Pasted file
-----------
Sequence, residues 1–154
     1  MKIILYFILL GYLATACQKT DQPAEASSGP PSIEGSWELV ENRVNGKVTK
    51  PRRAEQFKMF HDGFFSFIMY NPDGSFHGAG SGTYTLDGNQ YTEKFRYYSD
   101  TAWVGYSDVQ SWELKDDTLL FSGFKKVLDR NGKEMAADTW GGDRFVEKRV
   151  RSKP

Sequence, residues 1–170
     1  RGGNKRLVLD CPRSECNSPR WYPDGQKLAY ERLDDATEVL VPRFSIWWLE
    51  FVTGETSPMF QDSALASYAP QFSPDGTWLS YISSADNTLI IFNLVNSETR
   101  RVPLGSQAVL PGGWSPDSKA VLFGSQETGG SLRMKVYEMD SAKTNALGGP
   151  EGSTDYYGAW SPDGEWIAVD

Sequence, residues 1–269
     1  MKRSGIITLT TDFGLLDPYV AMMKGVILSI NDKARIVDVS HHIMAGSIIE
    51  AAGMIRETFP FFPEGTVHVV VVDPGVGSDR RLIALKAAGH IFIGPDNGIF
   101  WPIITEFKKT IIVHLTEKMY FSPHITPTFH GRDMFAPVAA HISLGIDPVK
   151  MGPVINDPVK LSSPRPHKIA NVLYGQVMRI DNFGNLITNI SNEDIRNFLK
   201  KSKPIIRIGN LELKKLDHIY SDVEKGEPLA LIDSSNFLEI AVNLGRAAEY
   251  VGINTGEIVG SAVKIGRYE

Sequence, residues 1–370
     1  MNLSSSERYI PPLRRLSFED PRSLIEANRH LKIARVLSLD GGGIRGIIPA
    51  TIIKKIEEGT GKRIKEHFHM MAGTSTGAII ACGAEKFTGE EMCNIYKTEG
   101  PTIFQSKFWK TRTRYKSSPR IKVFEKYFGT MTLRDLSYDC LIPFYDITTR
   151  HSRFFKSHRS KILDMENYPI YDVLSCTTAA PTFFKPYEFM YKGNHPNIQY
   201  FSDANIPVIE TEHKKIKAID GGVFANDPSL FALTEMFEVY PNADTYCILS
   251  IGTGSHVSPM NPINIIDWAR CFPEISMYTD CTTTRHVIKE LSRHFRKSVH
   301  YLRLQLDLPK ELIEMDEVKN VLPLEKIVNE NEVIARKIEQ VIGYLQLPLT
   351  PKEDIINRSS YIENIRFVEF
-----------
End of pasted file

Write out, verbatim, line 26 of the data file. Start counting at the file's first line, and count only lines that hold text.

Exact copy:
   351  PKEDIINRSS YIENIRFVEF